The convenience industry has definitely enabled efficiency to a large extent which means in theory we should be able to spend more time doing more of what we love and hopefully less time, doing the opposite. That should presumably give us more time to chase those creative pursuits, do more of what brings up happiness, free up time to spend on what matters — family, friends, fitness, faith, to-do lists before they become bucket lists on a time limit, etc.

For parents, being able to tap into some of what makes up the convenience industry — hopefully the free or less-costly things — should mean freeing up time to spend that ever-elusive “quality” time with our children, spouses and partners.

But does it? Or do we somehow resist the benefits of the convenience industry and fill up that newly gained time with more stuff — that “stuff” that renders us all busy, ALL.THE. TIME. The B word that forms the common refrain to questions like: How’ve you been? How is life treating you? What have you been up to?

Time management is an ongoing odyssey for many of us, but for parents, it must be mastered quickly and on an ongoing basis as a matter of pure survival. Working parents understand this best. No time to waste. The clock is ticking. Drop-offs, pick-ups, schedules, nap time, calendars, activities, snack, meal and potty time, and of course timeouts. The clock whirrs.

While we cannot stop the clock, despite many valiant efforts to attempt such a feat, we could try to outsmart it. Perhaps stealing time — precious moments, priceless seconds, an hour here and there — truly leveraging the age of convenience that we live in to our own advantage, could offer the best of both worlds: A greater appreciation of living in the now.

I can frequently be heard saying to my children when they respond, “I’ll do it later.” Whatever IT is. Depending on the importance of the IT, a.k.a. the ask, I’ll reply, “Why not do it now, later may not come.”

And then there’s the priceless magnet on my father-in-law’s fridge reads which provides further food for thought and summarizes this concept so well: “Yesterday is history, tomorrow is a mystery, today is a gift, that’s why it’s called the present.”

Courtesy: Wikimedia Commons

The worldwide eulogizing of arguably the greatest personality of the 20th Century has been simply riveting to observe, on so many levels and for so many reasons.

Each of us should make time, regardless of age or interest, and take in a little bit of the more-than-full life lived with passion, purpose and principle that Muhammad Ali led. And the heavy, weighty legacy he leaves behind.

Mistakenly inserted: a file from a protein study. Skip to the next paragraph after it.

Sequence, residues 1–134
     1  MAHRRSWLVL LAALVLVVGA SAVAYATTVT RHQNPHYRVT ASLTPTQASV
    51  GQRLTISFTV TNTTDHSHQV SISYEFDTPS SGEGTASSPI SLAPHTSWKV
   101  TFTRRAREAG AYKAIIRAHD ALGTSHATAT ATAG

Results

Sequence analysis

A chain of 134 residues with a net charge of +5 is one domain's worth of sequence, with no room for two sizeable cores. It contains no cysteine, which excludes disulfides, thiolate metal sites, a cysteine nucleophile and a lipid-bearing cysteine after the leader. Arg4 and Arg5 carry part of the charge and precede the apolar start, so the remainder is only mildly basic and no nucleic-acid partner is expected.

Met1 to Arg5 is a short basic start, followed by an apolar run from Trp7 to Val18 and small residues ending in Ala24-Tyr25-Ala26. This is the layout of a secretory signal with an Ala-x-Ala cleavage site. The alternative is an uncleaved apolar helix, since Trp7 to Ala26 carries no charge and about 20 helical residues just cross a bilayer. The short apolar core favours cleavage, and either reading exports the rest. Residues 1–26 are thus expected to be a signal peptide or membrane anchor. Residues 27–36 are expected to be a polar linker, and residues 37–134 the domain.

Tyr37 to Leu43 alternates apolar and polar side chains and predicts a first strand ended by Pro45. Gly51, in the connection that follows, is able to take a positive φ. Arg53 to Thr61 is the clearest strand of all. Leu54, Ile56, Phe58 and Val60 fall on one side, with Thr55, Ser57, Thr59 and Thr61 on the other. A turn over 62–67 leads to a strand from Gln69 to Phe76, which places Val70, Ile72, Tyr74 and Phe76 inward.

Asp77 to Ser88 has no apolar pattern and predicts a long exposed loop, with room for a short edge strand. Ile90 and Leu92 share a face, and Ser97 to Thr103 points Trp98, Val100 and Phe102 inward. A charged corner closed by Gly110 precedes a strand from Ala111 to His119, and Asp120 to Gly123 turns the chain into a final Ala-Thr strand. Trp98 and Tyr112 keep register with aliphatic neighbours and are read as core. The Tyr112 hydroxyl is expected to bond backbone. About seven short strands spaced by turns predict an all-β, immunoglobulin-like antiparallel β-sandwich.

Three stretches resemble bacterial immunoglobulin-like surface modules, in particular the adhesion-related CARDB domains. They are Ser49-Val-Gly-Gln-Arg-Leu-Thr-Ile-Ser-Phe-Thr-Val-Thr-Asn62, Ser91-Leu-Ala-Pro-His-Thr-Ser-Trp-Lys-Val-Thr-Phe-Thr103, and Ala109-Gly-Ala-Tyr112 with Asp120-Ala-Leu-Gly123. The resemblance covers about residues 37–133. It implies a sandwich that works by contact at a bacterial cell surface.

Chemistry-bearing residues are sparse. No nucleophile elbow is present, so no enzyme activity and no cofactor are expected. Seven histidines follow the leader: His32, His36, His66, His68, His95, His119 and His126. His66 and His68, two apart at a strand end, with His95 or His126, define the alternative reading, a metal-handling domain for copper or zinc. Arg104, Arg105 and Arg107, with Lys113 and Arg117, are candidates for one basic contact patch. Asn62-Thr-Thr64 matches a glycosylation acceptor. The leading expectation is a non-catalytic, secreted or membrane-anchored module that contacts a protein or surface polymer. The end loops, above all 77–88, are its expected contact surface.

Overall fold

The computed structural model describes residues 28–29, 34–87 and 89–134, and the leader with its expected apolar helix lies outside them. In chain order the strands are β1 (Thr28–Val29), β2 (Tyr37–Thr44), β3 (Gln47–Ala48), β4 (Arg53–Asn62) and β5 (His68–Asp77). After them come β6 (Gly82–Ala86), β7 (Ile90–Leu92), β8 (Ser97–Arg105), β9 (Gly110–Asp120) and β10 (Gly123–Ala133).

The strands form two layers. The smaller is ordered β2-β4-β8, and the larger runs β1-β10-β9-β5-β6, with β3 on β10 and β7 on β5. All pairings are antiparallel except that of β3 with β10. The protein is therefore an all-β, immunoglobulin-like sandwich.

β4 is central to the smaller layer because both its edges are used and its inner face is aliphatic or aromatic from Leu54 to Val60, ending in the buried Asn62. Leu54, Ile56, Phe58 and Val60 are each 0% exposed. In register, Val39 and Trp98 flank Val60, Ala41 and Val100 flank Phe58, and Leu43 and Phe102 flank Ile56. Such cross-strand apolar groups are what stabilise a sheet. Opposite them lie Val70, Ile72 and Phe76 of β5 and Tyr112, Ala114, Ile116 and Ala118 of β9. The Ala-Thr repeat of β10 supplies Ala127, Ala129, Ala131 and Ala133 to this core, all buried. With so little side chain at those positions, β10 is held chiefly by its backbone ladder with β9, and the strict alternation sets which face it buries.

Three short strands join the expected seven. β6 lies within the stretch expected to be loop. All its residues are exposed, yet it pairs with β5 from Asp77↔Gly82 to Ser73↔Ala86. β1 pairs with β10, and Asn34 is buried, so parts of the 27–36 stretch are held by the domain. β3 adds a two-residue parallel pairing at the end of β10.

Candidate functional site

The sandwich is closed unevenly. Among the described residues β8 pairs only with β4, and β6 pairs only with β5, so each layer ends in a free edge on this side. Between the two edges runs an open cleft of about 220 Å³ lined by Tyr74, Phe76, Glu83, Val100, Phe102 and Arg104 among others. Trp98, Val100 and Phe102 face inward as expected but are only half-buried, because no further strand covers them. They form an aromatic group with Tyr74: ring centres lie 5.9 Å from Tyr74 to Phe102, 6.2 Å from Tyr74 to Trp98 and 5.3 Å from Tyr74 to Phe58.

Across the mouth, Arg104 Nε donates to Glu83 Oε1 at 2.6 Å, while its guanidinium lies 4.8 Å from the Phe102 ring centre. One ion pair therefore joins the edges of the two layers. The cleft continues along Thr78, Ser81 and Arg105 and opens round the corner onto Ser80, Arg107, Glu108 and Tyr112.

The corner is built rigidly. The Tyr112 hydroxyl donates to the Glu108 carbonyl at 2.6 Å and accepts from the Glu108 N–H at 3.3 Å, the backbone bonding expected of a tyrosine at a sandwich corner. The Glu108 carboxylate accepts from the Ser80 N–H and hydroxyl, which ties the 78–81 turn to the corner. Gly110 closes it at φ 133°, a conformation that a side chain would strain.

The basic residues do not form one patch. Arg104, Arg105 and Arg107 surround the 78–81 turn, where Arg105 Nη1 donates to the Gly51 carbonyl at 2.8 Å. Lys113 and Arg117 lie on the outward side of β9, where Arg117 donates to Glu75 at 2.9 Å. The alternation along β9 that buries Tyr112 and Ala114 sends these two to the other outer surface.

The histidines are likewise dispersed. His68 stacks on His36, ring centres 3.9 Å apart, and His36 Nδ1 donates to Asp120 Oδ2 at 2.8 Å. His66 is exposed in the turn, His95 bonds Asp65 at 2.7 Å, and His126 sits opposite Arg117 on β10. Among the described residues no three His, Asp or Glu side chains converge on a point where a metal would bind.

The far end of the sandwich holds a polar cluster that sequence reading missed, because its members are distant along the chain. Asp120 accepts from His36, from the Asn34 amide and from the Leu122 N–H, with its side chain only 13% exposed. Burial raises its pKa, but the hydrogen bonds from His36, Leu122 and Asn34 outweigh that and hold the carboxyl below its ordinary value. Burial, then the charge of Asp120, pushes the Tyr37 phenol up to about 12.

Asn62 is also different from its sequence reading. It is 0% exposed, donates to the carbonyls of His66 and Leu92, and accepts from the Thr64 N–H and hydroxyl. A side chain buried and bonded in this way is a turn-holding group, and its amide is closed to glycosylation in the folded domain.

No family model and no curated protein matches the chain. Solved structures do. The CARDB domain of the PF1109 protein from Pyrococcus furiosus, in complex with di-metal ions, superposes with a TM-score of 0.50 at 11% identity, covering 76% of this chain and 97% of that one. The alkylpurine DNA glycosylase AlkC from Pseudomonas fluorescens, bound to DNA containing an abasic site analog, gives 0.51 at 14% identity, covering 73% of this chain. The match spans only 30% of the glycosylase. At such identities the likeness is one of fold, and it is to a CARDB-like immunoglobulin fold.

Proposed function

What struck me about the self-professed ‘greatest of all time’, or #GOAT as one of my kids reminded me is something I hope that my children will embody in their own lives: Muhammad Ali was his own man. Love him or hate him, question him or applaud him — he did his own thing.

That ‘own thing’ was usually rooted in a commitment to doing the right thing — and often against definite, daunting odds. Doing the right thing for him was a mirror reflection of his personal beliefs, hewn from his upbringing and environment. After all, we are all ultimately products of how we were raised and the environment we are exposed to — are we not?

His unwavering principle is something to marvel at. Principle supported by action. He didn’t just talk the talk (which in itself he was highly-skilled it and evidenced in a litany of piercing quotes). He backed it up with action — which was usually followed by some degree of conviction and courage — cause being your own man is usually a road riddled with potholes, even in the best of times.

Just think about the pockmarked backdrop that defined Ali’s formative years: racial strife and social injustice (the plight of ‘colored’ people in the United States at that time), political unrest (the Vietnam War for which Ali refused to be conscripted) — all this and much more as the fire ignited in the 12-year-old boy who set out to be the architect of his own destiny, emerging as a confident, outspoken boxer of ‘colour’ whose drive, diligence and desire propelled him to international fame, glory and controversy.

Muhammad Ali had many reasons to throw in the towel (something he rarely if ever did in the boxing ring) — in his life. Instead he persevered to pursue his beliefs, seemingly never swayed by anything or anyone but his strong sense of self and his personal convictions.

That is something to be admired. And definitely something to emulate. And in my opinion, sadly, a dying breed.

Muhammad Ali/U.S. Library of Congress
Muhammad Ali/U.S. Library of Congress

Today, doing the right thing, is also widely tested but in different ways. Measured against opinion from our family, friends, classmates, social media, the internet, what the Joneses are doing — it’s a robust, often influential list. It is easy to get sidetracked and even sideswiped. Staying the course is not a matter of course. The tide of ‘peer pressure’ ebbs, flows and usually devours those who hesitate.